Abstract

Most European caves containing Paleolithic cave art paintings (dating from approximately 10,000 – 50,000 years BP) are no longer accessible to the general public, and their visitor centers often require lengthy travel for tourists. In addition, the interactivity associated with these exhibits largely focus upon computer screens, and not a tactile interface. This Thesis project seeks to create a prototype of a tactile interface on a mock cave surface using projection mapping and motion tracking.

In developing this exhibit, the user experience (UX) design process was used as a methodology for defining, researching and co-designing for a particular user segment. While this Thesis only focuses on the users between the ages of five (5) to seven (7) years old, it can be used as a model for other user segments.

In researching and testing prototypes with children from this age cohort, it was determined that young children have visual-spatial development issues that hinder their ability to identify common animals in static cave art such as lions, rhinos and bison. After viewing the same cave art animals in motion graphics, 100% of all children were able to correctly identify the animal types.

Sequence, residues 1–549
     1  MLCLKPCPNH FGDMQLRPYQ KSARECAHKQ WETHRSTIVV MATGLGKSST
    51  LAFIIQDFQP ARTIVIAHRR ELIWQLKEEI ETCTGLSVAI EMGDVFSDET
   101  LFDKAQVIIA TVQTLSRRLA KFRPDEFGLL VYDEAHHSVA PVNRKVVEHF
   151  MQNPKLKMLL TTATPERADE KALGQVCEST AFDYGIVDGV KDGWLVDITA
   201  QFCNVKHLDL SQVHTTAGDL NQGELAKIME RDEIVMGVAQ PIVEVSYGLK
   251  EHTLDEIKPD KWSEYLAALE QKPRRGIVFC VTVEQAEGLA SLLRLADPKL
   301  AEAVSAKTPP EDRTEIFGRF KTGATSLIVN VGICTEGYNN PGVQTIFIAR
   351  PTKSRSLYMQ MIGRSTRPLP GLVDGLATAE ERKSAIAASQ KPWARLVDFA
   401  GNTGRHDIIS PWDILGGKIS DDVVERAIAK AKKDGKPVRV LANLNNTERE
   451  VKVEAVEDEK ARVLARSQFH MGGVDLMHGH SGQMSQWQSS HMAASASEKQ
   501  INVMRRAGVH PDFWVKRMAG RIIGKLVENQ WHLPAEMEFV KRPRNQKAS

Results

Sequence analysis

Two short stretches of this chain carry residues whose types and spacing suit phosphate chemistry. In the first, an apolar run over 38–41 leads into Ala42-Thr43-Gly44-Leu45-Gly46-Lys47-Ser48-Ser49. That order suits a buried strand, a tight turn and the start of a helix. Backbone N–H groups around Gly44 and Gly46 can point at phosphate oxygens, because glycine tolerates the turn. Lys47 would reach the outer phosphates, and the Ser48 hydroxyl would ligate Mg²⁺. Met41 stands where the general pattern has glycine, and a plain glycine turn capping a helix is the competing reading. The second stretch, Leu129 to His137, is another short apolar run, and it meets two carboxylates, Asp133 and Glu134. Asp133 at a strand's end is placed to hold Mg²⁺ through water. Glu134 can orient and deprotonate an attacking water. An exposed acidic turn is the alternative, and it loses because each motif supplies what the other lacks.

Publication Date

12-13-2017

Document Type

Thesis

Student Type

Graduate

Degree Name

Visual Communication Design (MFA)

Department, Program, or Center

School of Design (CIAS)

Advisor

Daniel DeLuna

Advisor/Committee Member

Chris Jackson

Advisor/Committee Member

W. Michelle Harris

Campus

RIT – Main Campus

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